Shirley Warnock-Lowe: Ethical making matters

  • Published: 29 Nov 2018

Jewellery & Metal Design graduate, Shirley Warnock-Lowe applies ethical making practices to her work, and is now an ambassador for Ethical Making with the Incorporation of Goldsmiths. We find out how she hopes to inspire others to be more mindful of the materials they use…

“Outside of jewellery making, I’m really mindful and conscious of the materials I use at home. I started to realise that at art school, that's not necessarily the case. You’re always creating samples but you don’t always  think about where they come from or where they end up. A lot of materials end up as landfill and that made me start to think: what can I do about changing this?

“My Degree Show work showed how you can create an ethical business”

“I recently won the Craft Scotland Award, which was because my Degree Show work was a business plan of how you can create an ethical business from start to finish; from sourcing ethical materials to creating business cards made of recycled t-shirts and recycled packaging. I actually used popcorn for packaging, which was a talking point! From that I got a few emails from other jewellers who’d just graduated who said that they wanted to know more about it.

“As an Ambassador for Ethical Making with the Incorporation of Goldsmiths, I liaise with colleges. We're running talks all over Scotland, from Edinburgh to Glasgow to Fife. I’m also currently doing the Residency Programme at Duncan of Jordanstone, to try and introduce ethical making procedures and a pledge to start introducing recycled metals. I applied based on my ethical making as I felt I could be involved in making changes. I’m working closely with academics and technical staff and I’ll be presenting to the undergraduate students about how they can use alternative materials in their work.

“It's really exciting to be working on the ground level”

“Because I tried out so many different ethical making techniques in my undergraduate course it’s given me a better position to be able to share information; if someone’s process is using resin I can give them information on eco resins or bio resins or get them thinking about materials that aren’t quite as harmful to the environment. They’re maybe not brilliant, but they’re an improvement on current practices. It’s really exciting to be working on that on a ground level. That’s what I want to do – educate people and get them thinking about ethical making, whether that’s in this setting or the wider world.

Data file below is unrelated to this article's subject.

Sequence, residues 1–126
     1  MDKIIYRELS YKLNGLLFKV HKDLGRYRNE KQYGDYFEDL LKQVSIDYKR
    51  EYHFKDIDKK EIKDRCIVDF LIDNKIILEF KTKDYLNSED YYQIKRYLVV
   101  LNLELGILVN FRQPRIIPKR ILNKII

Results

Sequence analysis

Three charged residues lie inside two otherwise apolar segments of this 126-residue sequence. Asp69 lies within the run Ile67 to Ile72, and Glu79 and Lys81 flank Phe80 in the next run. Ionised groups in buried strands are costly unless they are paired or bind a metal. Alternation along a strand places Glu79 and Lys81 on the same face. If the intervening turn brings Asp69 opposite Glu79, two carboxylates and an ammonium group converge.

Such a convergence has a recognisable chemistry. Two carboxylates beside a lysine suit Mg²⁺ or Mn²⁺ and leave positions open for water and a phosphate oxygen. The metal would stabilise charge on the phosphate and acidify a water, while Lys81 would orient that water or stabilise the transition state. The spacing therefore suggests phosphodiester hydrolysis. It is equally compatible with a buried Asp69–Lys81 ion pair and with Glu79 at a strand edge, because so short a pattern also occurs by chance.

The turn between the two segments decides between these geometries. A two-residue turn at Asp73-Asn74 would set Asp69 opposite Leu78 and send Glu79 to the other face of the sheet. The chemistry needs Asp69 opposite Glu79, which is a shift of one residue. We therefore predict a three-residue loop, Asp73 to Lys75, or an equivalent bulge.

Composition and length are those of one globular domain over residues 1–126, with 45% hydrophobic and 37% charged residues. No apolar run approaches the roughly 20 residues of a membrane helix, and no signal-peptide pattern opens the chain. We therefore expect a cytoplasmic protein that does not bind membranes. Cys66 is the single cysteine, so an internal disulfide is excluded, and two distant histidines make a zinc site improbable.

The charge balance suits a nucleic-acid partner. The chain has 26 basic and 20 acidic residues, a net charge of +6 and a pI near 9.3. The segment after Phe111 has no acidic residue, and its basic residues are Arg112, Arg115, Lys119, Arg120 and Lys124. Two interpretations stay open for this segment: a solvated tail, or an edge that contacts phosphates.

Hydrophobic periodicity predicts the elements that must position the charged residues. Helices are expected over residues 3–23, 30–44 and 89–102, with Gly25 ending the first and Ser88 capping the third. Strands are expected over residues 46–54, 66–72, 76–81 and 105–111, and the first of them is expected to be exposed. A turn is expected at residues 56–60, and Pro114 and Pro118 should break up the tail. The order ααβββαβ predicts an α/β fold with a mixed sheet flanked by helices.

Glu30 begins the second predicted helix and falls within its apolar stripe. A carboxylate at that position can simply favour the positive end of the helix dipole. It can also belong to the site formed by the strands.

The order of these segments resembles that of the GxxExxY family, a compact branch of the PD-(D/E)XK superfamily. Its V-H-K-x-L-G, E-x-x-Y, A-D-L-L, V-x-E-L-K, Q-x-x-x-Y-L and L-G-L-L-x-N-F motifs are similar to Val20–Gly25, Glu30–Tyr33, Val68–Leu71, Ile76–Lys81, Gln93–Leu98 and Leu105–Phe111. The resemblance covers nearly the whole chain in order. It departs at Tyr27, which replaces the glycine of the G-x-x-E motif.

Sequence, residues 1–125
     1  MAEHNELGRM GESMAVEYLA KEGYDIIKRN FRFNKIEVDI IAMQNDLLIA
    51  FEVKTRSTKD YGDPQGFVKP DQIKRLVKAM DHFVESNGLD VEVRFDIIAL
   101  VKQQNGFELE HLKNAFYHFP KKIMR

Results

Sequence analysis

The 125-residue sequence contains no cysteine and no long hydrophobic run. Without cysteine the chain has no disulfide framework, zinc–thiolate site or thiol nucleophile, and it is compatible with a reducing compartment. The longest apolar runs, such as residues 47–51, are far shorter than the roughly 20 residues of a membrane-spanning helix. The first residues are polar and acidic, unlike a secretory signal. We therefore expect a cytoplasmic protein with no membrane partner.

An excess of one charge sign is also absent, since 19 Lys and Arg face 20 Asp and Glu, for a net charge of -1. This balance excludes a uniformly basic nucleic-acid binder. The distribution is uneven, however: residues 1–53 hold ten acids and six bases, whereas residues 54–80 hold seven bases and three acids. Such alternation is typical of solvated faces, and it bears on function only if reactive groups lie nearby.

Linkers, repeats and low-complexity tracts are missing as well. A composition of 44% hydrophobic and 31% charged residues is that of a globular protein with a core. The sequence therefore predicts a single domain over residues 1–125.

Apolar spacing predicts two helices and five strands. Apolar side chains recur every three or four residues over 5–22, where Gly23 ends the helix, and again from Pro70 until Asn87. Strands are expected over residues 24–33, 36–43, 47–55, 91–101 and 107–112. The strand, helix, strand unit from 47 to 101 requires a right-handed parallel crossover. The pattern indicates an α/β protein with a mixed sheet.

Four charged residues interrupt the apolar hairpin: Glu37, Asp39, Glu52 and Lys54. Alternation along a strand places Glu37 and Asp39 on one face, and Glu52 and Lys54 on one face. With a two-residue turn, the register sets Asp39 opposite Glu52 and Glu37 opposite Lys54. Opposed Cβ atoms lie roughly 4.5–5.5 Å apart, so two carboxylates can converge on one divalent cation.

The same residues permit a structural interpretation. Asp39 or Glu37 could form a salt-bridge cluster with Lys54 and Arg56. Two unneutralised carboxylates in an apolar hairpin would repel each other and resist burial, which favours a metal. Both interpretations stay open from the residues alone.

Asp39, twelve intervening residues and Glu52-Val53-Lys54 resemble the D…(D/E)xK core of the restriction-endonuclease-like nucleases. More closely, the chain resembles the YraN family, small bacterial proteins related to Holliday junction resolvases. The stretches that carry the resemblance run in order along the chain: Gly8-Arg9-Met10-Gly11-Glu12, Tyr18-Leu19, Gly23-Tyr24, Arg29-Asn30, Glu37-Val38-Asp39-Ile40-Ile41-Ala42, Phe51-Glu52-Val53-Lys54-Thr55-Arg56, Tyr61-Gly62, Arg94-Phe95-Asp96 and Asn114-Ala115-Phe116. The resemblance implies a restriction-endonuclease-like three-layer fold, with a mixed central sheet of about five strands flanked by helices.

“Ethical making shouldn’t be detrimental to the design process”

“Having spoken to the DJCAD student president, Lewis Kennedy, I’m hoping to set up ethical making representatives in each department, in the same way we’ve got student representatives for each department. They will feed back on what changes could be made to try and level up the whole school’s consciousness. It will involve working with our technicians and seeing what’s practical for everyone. Ethical making shouldn’t be a detriment to the design process, so it’s not going to be that we can’t use paper anymore! It’s about changing a few things at a time and taking a steps in the right direction.

“Eventually, I would like to have an ethical making hub, so that people in all disciplines can work within a friendly community to refine their skills in ethical making. As soon as you leave art school you’re in a workshop on your own, which can be hard, so I’d like this to be cross-discipline. Actually, like the Residency Programme, but out in the real world!”

You read more about Duncan of Jordanstone's Residency Programme here 

 

“I recently won the Craft Scotland Award, and that was due to my Degree Show work being a business plan of how you can create an ethical business; from sourcing ethical materials to creating business cards made of recycled t-shirts and recycled packaging."

Shirley Warnock-Lowe